When searching for secured loans, you must have encountered jargon that might have gone right above your head! It is understandable as financial matters and terms are sometimes hard to follow. One such acronym you can add to the list is APRC. Sounds similar to APR, right? However, they are different!
Let’s take a close look to understand APRC.
If you want to learn about APR, go through the guide we have created to help you understand what APR is and its aspects.
What is APRC?
APRC, the annual percentage rate of charge, shows the yearly cost of a mortgage or secured loan. The APRC calculates everything – from the interest rate on your mortgage to any additional costs. It is helpful when you are trying to compare different secured loans and mortgages.
APRC helps identify the different interest rates and other types of fees by different lenders. This is important because some financial institutions offer secured loans and mortgages with lower interest rates for only the first few years. If you calculate the APRC, you will understand the difference; hence, you will be able to choose the option that will benefit you the most.
When applying for a mortgage, you come across three different terms that you should know about:
- Initial Interest Rate: The initial interest rate will show you exactly what your interest rate will be for the initial mortgage period, which lasts from two to five years.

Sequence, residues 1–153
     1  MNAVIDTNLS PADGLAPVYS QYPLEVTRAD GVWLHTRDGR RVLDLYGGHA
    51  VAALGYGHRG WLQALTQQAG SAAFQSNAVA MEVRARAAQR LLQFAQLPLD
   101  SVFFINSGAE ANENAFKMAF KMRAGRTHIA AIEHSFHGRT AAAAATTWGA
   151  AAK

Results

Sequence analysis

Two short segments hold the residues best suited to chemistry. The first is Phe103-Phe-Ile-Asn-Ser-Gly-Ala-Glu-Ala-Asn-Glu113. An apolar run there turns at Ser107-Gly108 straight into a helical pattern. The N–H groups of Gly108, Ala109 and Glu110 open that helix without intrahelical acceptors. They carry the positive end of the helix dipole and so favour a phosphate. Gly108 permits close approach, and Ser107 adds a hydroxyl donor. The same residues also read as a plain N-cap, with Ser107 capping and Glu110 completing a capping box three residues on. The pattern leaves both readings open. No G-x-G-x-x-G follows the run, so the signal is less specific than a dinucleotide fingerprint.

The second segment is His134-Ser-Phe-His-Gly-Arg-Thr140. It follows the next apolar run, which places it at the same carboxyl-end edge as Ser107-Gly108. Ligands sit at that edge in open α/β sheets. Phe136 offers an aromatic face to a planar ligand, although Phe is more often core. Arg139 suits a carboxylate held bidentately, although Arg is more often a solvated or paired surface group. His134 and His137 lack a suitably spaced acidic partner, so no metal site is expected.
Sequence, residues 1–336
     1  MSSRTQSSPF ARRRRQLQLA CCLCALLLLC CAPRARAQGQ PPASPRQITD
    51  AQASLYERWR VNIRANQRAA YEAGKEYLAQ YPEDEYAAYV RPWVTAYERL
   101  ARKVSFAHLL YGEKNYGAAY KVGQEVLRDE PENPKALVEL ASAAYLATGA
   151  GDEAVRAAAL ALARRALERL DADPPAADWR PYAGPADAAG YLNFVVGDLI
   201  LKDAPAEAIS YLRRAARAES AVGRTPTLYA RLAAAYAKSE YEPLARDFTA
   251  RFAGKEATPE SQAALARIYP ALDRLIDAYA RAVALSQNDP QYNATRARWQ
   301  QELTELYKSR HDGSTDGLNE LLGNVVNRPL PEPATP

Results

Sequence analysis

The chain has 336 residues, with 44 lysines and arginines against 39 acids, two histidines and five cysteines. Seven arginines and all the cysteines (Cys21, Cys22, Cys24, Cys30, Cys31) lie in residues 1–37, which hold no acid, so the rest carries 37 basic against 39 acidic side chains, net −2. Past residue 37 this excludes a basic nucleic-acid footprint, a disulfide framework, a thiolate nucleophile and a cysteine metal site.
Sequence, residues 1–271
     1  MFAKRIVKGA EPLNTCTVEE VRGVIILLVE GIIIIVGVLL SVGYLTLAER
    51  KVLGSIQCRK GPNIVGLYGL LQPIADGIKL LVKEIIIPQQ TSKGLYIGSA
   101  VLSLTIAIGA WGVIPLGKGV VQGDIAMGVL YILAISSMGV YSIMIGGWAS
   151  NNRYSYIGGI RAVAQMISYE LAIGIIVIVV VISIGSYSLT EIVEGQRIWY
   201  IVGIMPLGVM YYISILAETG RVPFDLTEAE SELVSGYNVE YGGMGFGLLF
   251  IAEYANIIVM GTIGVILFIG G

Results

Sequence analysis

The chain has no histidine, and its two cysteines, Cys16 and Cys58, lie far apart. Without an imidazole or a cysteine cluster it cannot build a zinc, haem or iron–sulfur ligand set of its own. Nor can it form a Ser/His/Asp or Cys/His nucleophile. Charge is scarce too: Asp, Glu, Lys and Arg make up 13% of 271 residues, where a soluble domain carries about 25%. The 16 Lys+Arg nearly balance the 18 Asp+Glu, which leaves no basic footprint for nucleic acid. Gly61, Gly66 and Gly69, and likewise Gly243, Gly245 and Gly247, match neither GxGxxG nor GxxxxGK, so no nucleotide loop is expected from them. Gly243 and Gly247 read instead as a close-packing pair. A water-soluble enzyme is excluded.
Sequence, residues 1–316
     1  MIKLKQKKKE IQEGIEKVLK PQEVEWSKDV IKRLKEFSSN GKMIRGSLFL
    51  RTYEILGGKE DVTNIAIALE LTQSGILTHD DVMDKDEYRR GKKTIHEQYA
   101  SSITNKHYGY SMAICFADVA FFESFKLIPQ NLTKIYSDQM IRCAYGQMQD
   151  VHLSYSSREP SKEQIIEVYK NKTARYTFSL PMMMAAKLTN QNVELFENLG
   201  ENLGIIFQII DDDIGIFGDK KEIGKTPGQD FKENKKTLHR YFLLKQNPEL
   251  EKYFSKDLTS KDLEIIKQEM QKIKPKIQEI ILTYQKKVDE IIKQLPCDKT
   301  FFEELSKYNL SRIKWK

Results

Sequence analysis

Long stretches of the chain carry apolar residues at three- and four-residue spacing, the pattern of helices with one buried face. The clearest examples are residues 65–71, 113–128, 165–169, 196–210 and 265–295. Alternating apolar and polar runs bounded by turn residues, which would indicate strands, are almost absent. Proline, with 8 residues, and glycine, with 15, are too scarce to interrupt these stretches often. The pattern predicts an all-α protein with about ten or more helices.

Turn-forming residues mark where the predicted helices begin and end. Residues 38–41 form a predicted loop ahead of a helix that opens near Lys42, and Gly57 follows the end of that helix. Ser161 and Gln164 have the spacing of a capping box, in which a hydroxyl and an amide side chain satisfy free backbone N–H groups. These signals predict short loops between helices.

- Variable Rate: Once the initial interest rate finishes, you slowly move towards the lender’s standard variable rate (SVR), which typically is slightly higher than the fixed period rate. However, this rate stays the same throughout your mortgage unless you decide to re-mortgage.
- Fees: Besides the interest rates, there are other additional fees a mortgage comes with. Interest rates apply to these fees as well.
By calculating the APRC of any mortgage, you get a single figure that keeps in mind all of the interest rates and additional fees considered during the entire mortgage period. You will be handed the total annual cost of the mortgage. This means that it will show you how much you have to ultimately pay in total – counting in all additional fees and interest rates.
Why was APRC Introduced?
The APRC was introduced to create transparency between the mortgage lender and the borrower. Sometimes, the financial institution does not fully show what extra charges are implemented or how the entire interest rate structure works on different mortgages to allure more people. But, once you calculate the APRC of a particular loan product, you will understand the total cost of your mortgage, including the broker fee. This way, you see exactly what you will be paying for in the entire tenure.
How does APRC Work?
When you want a mortgage, you are introduced to an attractive introductory rate that lasts only for a limited period. This is called the initial interest rate. Next up, you will be moved to the standard variable rate – the real deal! It is slightly higher than what you were offered during the introductory period.
When calculating APRC on a mortgage, it takes into account both the introductory and long-term interest rate, along with additional fees, and then gives you the total calculation in the form of a percentage.